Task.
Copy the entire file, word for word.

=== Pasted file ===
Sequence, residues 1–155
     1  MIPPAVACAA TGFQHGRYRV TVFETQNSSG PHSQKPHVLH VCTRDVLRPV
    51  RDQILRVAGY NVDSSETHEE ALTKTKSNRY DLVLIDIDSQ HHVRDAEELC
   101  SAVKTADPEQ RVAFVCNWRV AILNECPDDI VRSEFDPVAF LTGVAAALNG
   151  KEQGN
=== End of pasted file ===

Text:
Sequence, residues 1–155
     1  MIPPAVACAA TGFQHGRYRV TVFETQNSSG PHSQKPHVLH VCTRDVLRPV
    51  RDQILRVAGY NVDSSETHEE ALTKTKSNRY DLVLIDIDSQ HHVRDAEELC
   101  SAVKTADPEQ RVAFVCNWRV AILNECPDDI VRSEFDPVAF LTGVAAALNG
   151  KEQGN